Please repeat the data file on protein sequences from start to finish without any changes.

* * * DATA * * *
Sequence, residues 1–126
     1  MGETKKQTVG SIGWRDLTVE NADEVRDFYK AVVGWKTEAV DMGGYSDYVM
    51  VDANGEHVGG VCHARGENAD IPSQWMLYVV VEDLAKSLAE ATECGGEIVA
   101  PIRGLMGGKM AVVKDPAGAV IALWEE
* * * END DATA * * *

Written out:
Sequence, residues 1–126
     1  MGETKKQTVG SIGWRDLTVE NADEVRDFYK AVVGWKTEAV DMGGYSDYVM
    51  VDANGEHVGG VCHARGENAD IPSQWMLYVV VEDLAKSLAE ATECGGEIVA
   101  PIRGLMGGKM AVVKDPAGAV IALWEE